Clearing her mind again of debris from the past she let the calling gently pull her in its direction. It was intense but not in an overt way. When someone was in severe emotional distress there was a chaotic feeling to the call, not any calmness. When there was fear or danger it was similar, although slightly different. Once she had been called to a meeting with a teacher, but that was something very direct. This was not the same. It was strong, consistent, but not direct.

She walked down toward the wall directly opposite of the vibration. She must approach with caution. There was no telling what she was walking into and that in itself was odd.

The first thing he did was head to the front door. He wanted to make sure she didn’t slip out without him noticing. He didn’t consider the fact that his behavior was a bit bizarre. He was acting on instinct. He didn’t know what he wanted. Only that she couldn’t leave until he figured it out.

He stood in front of the entrance, breathing deeply in a strange sort of panic. And then he heard low murmurs. His eyes slowly moved over to the coffee bar only a half dozen yards away. Her back was to him, but it was she. The woman in question was at the counter, talking to the girl that he had purchased his coffee from the same coffee that he’d abandoned unfinished moments before somewhere deep inside the bookstore. He continued to stand there watching, sort of paralyzed. There was a cup in her gloved hand, and she moved away from the counter out of his view.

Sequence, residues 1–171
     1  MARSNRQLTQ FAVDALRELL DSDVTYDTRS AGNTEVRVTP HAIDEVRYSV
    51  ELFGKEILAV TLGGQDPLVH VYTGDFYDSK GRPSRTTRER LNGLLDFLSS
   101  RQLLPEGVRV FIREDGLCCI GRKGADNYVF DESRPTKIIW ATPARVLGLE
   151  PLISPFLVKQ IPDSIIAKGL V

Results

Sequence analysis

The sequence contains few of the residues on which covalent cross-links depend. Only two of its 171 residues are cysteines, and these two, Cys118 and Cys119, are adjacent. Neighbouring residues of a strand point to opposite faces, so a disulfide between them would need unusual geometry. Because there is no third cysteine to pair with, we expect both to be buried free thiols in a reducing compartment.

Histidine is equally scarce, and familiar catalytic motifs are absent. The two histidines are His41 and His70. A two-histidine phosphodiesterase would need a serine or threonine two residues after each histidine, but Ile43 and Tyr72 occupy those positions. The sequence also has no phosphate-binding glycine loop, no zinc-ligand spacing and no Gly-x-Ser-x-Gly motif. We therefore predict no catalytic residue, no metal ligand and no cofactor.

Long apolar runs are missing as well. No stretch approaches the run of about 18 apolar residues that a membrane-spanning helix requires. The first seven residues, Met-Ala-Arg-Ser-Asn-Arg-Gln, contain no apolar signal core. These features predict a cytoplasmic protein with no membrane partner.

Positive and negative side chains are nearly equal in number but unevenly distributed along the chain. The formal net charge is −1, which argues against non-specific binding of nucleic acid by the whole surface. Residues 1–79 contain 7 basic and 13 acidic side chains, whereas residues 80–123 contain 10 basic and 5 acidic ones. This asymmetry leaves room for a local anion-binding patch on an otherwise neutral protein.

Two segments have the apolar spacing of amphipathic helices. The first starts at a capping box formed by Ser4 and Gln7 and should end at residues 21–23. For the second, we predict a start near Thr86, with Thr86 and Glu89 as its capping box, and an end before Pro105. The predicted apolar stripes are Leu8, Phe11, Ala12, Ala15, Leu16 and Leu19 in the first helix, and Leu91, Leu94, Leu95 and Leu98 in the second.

Firmly convinced there was no choice, he walked into the café to seek her out. She sat at a small table in the corner. There wasn’t another soul about. Even the girl at the counter had disappeared into some back room. For the moment, there were just two souls now, his and hers. As he approached the table, her head remained bowed not acknowledging his approach, just intent on stirring her steaming beverage.

He smiled. Being pleasant and what could be loosely described as charming was a skill he had mastered. “I know this is odd,” he began, “but I was wondering if I could join you for a few moments. Being out on a day like this sort of makes me feel like the last person on the face of the earth.”

Slowly her eyes rose to meet his and a bit of that electrical sort of jolt that he’d felt so acutely moments before delicately skimmed along his nerves again. Her face was lovely, but her eyes were devastating to him — green, unflinchingly, dramatically green.